Perception differs from reality.
Researchers from the University of Alabama and Ohio State University looked at the Federal Reserve's Survey of Consumer Finances and assessed the retirement readiness of its 2,300-odd respondents. They determined that 58% of these workers (age 35-60) were saving too little for the future, with a near-majority of that 58% failing to recognize the gravity of their situation. Only 42% of households were sufficiently prepared for retirement, but 46% of households believed they were.2,3

The researchers discovered two other interesting disconnects. One, a slight majority of those who were saving adequately for retirement believed they were not saving enough. Two, the insufficiently prepared workers who were in line to receive old-school pensions were more likely to have flawed assumptions about their retirement readiness than workers without future pensions.2

Just how much money do you really need for retirement?
The answer to that question varies per household, but many households could stand to save more. One old rule of thumb says you should save the equivalent of 12 times your end salary for a comfortable retirement. If you retire earning $150,000 a year, that means $1.8 million.4

Very few IRAs or workplace retirement plan accounts contain that much - so if your retirement nest egg needs to be that large, other sources of funding for your retirement probably need to emerge.

A household with either or both spouses earning $150,000 may have those resources.
A middle class household may need to dedicate 10% or more of its income to retirement savings accounts. Saving 5% of your salary for retirement probably means saving too little.

If you save and invest ably over 30 or 40 years, you might end up a millionaire with the help of strong yields and compounding. You may need to be a millionaire to retire.

What if interruptions mar your retirement savings effort?
They may mar it, but they should never halt it. Divorce, medical issues, prolonged joblessness - these and other events may impede your progress toward your savings goals, but the effort to save must still be made as you want time on your side.

If you are able to anticipate such an interruption, there are ways to plan to possibly make up the slack. You could explore investing more aggressively during that time period - but you invite greater market risk. You could cut back on household expenses (or inessential expenses) to free up more money to sustain your pace of retirement saving. Or, you could determine potential strategies far ahead of such disruptions by sitting down with a financial professional to run some scenarios (laid off at 60, taking three years out of the workforce at age 35 or 40 to be a stay-at-home mom or dad, and so forth).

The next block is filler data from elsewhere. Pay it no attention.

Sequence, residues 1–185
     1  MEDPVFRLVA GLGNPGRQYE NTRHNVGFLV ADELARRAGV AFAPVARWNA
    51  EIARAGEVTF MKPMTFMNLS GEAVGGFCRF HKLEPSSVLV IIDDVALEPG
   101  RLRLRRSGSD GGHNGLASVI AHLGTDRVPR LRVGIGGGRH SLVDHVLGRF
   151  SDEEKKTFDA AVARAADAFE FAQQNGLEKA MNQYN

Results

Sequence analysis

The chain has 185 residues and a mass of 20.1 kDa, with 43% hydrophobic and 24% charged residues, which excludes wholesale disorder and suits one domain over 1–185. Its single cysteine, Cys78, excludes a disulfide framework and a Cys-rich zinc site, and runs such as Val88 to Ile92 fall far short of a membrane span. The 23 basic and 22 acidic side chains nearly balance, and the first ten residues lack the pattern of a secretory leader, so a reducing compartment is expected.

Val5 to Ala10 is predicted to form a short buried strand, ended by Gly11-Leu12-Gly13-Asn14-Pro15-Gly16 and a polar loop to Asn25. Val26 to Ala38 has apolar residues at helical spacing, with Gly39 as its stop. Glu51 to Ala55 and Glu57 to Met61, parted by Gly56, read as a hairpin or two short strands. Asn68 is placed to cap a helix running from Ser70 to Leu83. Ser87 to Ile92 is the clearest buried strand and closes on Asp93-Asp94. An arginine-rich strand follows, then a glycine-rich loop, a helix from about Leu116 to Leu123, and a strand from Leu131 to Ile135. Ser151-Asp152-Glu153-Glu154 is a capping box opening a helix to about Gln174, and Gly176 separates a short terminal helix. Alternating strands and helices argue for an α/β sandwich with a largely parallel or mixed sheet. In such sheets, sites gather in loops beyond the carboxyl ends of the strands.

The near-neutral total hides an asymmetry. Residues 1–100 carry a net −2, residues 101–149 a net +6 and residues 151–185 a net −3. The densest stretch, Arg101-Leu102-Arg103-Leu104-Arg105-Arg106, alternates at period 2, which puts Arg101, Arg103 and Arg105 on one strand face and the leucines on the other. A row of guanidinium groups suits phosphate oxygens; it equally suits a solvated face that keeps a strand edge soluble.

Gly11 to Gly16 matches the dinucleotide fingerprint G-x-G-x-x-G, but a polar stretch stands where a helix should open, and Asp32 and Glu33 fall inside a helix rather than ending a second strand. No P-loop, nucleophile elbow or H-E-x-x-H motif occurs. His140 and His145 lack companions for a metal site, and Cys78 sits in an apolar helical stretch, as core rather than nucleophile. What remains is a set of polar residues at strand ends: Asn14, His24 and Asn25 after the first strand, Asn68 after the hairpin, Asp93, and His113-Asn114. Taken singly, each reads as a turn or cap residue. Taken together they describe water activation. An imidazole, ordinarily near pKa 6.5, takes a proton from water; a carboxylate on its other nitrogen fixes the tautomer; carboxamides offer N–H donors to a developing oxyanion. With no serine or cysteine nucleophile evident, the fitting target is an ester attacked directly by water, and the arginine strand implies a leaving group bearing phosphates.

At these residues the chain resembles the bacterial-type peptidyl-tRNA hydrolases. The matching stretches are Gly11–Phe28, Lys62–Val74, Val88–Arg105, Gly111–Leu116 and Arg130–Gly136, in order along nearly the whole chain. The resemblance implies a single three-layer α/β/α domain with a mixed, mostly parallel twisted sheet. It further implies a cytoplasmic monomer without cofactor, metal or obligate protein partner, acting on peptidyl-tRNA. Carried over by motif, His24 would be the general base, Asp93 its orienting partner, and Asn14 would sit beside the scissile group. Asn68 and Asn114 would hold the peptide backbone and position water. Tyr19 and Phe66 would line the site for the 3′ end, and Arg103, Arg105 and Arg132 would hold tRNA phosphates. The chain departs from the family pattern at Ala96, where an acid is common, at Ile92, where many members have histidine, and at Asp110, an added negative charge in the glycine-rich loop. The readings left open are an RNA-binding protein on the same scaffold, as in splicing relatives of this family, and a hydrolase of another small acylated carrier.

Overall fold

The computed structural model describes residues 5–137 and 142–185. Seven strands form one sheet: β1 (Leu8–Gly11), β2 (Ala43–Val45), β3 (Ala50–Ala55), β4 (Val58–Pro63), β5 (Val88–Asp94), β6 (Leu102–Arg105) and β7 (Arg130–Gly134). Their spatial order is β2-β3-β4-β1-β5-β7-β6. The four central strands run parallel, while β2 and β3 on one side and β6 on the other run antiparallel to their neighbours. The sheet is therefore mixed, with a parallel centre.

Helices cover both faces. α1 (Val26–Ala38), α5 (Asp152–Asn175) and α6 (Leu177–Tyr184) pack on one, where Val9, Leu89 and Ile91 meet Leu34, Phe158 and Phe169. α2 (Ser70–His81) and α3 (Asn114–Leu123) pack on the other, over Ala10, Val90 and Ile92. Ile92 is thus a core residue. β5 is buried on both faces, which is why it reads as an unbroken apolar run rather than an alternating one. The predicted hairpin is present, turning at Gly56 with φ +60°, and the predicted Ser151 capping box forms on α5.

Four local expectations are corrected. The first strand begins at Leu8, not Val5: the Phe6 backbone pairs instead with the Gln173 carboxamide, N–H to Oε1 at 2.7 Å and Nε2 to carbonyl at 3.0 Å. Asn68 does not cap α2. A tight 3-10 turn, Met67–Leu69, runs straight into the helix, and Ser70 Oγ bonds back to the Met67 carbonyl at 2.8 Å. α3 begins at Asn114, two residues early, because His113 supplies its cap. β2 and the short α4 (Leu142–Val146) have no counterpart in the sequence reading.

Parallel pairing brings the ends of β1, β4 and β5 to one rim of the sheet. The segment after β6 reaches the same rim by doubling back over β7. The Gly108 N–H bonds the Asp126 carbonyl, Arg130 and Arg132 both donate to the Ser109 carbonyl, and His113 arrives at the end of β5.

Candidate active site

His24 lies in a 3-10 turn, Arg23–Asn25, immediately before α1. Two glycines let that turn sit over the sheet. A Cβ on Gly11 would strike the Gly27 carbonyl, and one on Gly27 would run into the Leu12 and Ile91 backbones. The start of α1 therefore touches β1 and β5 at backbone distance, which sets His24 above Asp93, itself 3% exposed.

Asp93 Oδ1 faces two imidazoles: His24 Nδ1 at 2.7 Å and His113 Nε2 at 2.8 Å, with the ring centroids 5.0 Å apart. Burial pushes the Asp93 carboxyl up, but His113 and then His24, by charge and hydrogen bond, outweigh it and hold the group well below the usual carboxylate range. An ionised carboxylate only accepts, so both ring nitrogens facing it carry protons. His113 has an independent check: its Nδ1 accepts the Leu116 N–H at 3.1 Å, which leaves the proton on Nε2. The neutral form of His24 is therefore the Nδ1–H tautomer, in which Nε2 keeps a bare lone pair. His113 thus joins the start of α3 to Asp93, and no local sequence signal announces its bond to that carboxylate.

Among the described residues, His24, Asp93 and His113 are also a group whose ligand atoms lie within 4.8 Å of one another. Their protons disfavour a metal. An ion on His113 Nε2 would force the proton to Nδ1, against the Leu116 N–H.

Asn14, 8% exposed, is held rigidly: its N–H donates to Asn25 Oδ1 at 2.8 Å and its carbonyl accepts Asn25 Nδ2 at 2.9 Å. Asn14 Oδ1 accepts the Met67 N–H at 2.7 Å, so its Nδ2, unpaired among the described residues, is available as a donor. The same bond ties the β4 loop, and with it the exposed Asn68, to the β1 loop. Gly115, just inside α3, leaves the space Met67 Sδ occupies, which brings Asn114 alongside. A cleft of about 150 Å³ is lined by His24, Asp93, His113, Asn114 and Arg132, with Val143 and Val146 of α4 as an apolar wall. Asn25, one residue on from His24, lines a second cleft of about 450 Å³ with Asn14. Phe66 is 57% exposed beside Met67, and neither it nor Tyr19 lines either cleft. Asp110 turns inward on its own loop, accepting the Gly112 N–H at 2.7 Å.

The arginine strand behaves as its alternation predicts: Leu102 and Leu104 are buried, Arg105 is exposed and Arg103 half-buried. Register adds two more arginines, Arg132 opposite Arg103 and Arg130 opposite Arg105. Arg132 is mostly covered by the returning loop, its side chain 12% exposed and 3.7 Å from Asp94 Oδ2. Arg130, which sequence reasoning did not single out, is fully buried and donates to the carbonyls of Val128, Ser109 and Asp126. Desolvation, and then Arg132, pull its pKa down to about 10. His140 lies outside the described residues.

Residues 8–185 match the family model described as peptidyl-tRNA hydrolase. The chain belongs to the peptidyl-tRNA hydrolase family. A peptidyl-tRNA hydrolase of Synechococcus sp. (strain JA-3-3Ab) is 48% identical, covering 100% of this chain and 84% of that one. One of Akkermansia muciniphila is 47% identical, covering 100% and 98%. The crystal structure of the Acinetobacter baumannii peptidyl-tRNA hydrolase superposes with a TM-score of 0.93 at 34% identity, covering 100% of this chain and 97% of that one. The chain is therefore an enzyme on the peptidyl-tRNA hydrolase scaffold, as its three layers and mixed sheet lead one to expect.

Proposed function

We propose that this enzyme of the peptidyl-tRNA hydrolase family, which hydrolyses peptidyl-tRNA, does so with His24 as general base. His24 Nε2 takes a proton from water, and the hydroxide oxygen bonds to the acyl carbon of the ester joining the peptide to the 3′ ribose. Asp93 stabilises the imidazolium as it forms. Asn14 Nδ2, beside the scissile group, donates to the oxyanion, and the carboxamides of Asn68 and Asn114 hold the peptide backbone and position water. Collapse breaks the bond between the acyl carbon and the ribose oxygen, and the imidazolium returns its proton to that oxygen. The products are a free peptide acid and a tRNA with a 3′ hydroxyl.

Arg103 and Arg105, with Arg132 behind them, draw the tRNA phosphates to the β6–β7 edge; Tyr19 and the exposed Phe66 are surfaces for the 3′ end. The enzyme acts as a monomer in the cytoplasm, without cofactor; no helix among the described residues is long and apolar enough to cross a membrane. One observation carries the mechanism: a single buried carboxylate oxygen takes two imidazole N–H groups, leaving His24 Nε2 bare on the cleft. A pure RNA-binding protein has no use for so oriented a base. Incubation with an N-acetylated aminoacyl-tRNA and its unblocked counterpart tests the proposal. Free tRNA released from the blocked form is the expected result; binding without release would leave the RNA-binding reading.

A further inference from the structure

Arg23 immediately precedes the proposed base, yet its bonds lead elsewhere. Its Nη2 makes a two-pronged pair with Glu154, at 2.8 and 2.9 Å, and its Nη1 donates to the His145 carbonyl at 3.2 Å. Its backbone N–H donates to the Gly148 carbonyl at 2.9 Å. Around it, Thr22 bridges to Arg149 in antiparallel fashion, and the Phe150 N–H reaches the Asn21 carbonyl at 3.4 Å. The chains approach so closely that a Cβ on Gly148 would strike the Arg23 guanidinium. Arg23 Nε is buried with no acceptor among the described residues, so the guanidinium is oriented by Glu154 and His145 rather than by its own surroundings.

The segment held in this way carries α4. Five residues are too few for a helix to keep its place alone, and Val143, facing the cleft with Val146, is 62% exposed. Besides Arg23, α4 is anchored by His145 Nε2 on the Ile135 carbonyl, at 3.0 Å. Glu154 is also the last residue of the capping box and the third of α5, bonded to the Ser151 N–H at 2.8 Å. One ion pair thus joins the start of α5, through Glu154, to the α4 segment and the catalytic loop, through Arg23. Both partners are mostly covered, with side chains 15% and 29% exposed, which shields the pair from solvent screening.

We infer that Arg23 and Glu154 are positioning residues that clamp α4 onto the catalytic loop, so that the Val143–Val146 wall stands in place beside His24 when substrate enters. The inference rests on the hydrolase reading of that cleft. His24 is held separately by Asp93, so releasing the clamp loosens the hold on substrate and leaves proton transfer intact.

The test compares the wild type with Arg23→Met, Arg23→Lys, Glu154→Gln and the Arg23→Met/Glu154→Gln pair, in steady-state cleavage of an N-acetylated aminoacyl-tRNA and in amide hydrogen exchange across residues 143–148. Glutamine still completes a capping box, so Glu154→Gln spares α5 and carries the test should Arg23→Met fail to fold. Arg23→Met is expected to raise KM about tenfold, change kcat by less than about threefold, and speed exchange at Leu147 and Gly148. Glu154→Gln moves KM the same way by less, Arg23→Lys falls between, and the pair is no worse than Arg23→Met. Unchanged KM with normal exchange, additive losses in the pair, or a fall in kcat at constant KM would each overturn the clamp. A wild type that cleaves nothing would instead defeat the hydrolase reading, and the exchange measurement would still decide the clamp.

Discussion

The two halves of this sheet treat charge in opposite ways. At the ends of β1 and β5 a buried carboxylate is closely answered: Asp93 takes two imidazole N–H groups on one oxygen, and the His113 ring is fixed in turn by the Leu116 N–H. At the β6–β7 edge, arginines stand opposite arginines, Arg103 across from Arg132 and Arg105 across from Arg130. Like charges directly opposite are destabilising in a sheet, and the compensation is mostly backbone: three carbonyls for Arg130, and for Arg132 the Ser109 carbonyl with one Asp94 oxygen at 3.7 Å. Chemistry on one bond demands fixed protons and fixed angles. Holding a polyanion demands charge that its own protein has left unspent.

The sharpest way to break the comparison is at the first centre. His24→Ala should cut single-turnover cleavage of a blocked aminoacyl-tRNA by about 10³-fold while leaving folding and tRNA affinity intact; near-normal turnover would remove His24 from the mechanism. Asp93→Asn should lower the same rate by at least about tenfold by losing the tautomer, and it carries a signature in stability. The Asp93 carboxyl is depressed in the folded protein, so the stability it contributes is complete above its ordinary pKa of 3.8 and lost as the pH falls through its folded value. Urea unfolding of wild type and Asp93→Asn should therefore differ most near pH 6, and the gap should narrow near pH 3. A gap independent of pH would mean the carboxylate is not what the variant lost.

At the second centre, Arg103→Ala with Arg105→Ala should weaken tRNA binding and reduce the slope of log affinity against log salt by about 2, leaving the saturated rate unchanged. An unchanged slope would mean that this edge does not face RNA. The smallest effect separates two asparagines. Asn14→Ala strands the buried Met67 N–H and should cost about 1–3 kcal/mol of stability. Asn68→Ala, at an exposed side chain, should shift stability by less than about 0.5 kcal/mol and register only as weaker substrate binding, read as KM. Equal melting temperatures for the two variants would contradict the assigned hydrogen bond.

You should strive to be financially prepared for your retirement, and for the unexpected life events or financial surprises that may occur before it arrives.
As a valued credit union member, we invite you to contact us for a complimentary financial plan review. We also invite you to attend any of our Retirement Planning workshops that we hold. For more information about our practice, our workshops, or to make an appointment, please call us at (925) 370-3750 or visit our website

Bay Area Retirement Solutions
1330 Arnold Drive, Suite 249
Martinez, CA 94553

Securities through First Allied Securities, a registered broker dealer, member FINRA/SIPC. Advisory services offered through First Allied Advisory Services, Inc. Registered Investment Advisor. Investments not FDIC or NCUA/NCUSIF insured, not insured by Credit Union, may lose value. Products offered are not guarantees or obligations of the Credit Union, and may involve investment risk including possible loss of principal. 1st Northern California Credit Union, Bay Area Retirement Solutions and First Allied are all separate entities.Gene A. Schnabel CA Insurance Lic.: 0663016, Jason Vitucci CA Insurance Lic.: 0F59894 

This material was prepared by MarketingPro, Inc., and does not necessarily represent the views of the presenting party, nor their affiliates. This information has been derived from sources believed to be accurate. Please note - investing involves risk, and past performance is no guarantee of future results. The publisher is not engaged in rendering legal, accounting or other professional services. If assistance is needed, the reader is advised to engage the services of a competent professional. This information should not be construed as investment, tax or legal advice and may not be relied on for the purpose of avoiding any Federal tax penalty. This is neither a solicitation nor recommendation to purchase or sell any investment or insurance product or service, and should not be relied upon as such. All indices are unmanaged and are not illustrative of any particular investment.

2 - [4/1/15]
3 - [2/20/15]
4 - [1/12/15]
11% cash back on all purchases when using a 1st Northern California Visa Credit Card. Excludes cash advances and balance transfers. Rebate applied monthly to Visa Credit Card account balance. Rebate cannot exceed $10 per month and/or $120 per year. Terms are subject to change without notice.
aggettaFREE Insurance Review 
As we launch into a New Year, it is a great time to evaluate your coverage, because auto, home, life and other insurance needs change over time. Insurance professionals recommend that you review your policies at least once a year. Are you currently paying too much? Do you have adequate coverage or would a loss be financially devastating? Being underinsured could leave you with huge bills, while being overinsured means you are throwing money away.

Insurance is a very simple is there to protect you when something unplanned happens.  If you unexpectedly lose your house or belongings to a catastrophe or theft, insurance will help you get back to normal.  Same thing with your car, boat, vacation home, motorcycle or anything else that you would choose to insure.

As an added benefit of your 1st Nor Cal membership, we at Lou Aggetta Insurance will help you review the things that are important to you and provide you with options for reducing risk in your life. We are an independent insurance agent and can provide you with home, auto, life, health, business and many other types of insurance coverage.
Contact me today to schedule your free review.
Denia Aggetta Shields
Lou Aggetta Insurance
2637 Pleasant Hill Road
Pleasant Hill, CA 94523
(925) 945-6161
Like us on Facebook at Lou Aggetta Insurance  
Follow us on Twitter @LouAggetta
FinancialCounselingFREE Financial Counseling
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Make your appointment TODAY!

Just a reminder, you can annually request FREE Credit Reports from all 3 credit reporting agencies online by going to:
For FREE Financial Counseling, don't hesitate to contact:

Shelley Murphy
Senior Vice President of Lending & Collections
(925) 228-7550 Ext.824